The Arab Emirates rethink their strategies


Built on oil, these Middle Eastern powerhouses are now investing in tourism and trade.

In January 2010, Dubai inaugurated the world's tallest structure: The Burj Dubai, or Dubai Tower. The global financial crisis dimmed the glory of this structure, however, as property values declined and Dubai ran into credit problems. Sheikh Khalifa bin Zayed Al Nahyan, emir of Abu Dhabi and the president of the United Arab Emirates, rescued the project in order to ensure economic stability and growth in the Emirates.

Dubai's slump revealed the challenges of this state built on sand whose oil reserves are expected to dry up within 20 years. Today, 95 per cent of the Arab Emirates' oil is controlled by its largest and most powerful member: Abu Dhabi.

Oil isn't the only answer, however. For years, Dubai has based its growth on commerce and tourism, and attracts more than ten million visitors annually. The collapse of its real estate market briefly slowed its development, but new skyscrapers are again popping up. Meanwhile, Abu Dhabi has accelerated its own pace with new developments to attract foreigners.

Big investments for Abu Dhabi

Abu Dhabi is the largest of the Emirates in terms of land area and oil reserves. It is currently aiming to grow its population from about one to three million by building business and tourism services, the energy industry, and housing for wealthy foreigners.

In 2009, the emirate hosted its first Formula One Grand Prix on the Yas Marina racetrack, which was built over the course of two years on an empty stretch of seaside desert. In addition, Guggenheim and Louvre branch museums are planned as tourism magnets. Another draw is the new mosque, which began receiving visitors in 2007 and is in many ways the world's most opulent.

From pearlfishers to executives

Before the oil and natural gas discoveries of the 1960s placed the Arab Emirates among the world’s richest nations, their economy was based largely on pearl fisheries. The industry taught the locals to become shrewd merchants. The British maintained the Emirates as a protectorate until 1971, and their legacy includes an efficient administrative culture and the wide use of the English language. Britain and Germany are the Emirates' biggest trading partners.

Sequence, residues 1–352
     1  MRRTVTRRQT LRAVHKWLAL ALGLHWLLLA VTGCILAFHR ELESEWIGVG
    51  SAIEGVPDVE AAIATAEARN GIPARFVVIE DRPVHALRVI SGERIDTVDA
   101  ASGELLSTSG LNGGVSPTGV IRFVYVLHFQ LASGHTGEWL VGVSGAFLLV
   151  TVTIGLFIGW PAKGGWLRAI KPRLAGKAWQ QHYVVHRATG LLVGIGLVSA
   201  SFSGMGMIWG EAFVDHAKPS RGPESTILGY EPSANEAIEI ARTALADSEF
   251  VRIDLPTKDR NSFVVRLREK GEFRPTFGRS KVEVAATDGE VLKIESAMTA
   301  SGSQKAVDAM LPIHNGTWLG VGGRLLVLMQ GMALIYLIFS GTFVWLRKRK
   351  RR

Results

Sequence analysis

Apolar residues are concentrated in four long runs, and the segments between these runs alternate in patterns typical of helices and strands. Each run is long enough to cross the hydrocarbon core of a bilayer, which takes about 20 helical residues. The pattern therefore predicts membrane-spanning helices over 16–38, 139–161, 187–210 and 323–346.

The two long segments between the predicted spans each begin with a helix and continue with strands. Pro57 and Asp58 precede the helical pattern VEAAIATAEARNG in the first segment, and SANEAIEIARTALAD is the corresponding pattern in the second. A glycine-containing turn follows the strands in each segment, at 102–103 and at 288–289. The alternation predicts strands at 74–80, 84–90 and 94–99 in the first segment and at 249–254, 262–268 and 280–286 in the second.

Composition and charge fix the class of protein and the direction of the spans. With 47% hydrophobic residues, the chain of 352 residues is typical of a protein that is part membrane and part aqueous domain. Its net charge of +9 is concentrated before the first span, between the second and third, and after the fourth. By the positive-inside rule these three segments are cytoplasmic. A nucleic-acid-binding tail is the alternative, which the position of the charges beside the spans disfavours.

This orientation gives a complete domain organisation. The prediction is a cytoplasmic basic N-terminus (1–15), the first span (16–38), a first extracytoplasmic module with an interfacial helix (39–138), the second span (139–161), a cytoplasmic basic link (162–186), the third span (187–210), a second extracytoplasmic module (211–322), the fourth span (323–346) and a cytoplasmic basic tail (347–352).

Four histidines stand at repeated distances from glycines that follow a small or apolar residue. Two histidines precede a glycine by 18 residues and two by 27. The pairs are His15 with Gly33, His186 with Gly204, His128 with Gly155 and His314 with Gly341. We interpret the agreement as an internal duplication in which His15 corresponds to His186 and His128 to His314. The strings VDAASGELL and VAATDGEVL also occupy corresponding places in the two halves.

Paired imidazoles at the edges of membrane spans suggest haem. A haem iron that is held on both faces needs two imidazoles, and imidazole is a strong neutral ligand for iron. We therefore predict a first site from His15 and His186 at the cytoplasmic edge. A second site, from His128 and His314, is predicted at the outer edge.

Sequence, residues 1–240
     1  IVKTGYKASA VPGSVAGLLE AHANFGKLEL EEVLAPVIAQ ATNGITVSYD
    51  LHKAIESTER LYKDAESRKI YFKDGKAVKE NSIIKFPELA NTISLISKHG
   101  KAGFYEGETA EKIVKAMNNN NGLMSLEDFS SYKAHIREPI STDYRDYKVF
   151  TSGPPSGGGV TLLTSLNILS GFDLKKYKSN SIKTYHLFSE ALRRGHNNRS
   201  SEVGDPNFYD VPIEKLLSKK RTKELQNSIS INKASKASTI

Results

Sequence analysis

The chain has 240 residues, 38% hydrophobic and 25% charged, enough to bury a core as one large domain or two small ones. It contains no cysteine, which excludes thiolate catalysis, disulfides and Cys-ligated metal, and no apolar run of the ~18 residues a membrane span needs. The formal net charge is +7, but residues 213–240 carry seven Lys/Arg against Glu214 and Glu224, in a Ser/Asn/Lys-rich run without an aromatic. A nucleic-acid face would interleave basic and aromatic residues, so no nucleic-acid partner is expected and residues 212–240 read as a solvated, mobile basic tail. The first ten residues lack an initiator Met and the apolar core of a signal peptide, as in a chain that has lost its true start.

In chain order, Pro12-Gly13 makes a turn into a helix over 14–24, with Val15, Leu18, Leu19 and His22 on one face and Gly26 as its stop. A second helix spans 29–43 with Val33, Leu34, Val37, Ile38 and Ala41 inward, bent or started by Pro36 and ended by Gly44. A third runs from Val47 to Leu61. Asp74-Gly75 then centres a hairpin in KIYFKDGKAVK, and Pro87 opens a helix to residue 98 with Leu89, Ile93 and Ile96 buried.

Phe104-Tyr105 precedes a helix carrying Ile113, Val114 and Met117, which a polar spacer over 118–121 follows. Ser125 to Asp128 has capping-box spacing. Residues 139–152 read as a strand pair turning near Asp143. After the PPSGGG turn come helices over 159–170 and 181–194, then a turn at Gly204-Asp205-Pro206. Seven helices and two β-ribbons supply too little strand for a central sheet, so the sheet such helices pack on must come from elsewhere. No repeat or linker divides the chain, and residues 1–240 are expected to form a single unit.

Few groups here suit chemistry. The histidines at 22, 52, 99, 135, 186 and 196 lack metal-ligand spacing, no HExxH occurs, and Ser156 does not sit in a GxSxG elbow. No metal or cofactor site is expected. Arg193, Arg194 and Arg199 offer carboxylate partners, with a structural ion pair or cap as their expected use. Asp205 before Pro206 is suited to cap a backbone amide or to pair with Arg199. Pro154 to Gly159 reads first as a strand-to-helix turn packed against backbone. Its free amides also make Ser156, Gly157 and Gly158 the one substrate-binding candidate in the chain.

Growth in all seven of the Emirates is based on guest labour. About four million of their five million inhabitants are migrant workers, mainly from Pakistan, India and Southeast Asia.

“The country is run in a systematic way, based on business principles. Stability is the be-all and end-all, because that's what brings in business and tourists,” says a local Finnish businessman who was interviewed anonymously. Thanks to the absence of VAT and income tax, the Arab Emirates are an attractive area for expats.

Building Dubai

With nearly two million inhabitants, Dubai boasts the largest population of the Arab Emirates. Its growth is based on real estate investments - a risky business, as the Burj Khalifa stands in testimony. For example, the first of three planned Palm Islands on Dubai's coast is populated - but The World, a globe-shaped artificial archipelago made of sandbanks, still awaits its builders.

Dubai is also a commercial centre. Jebel Ali is one of the world's fastest-growing free ports and global shipping centres, and a new cargo airport is being built next to it.

The old border disputes between the Emirates have been replaced by economic competition. Although Dubai has pressed the gas pedal harder, Abu Dhabi drives its large engine with lower risks.

Text by Jouko Marttila

A longer version of this article was published in Finnair´s Blue Wings magazine (Oct 2012).

Published October 26, 2012

Category: Finnair Cargo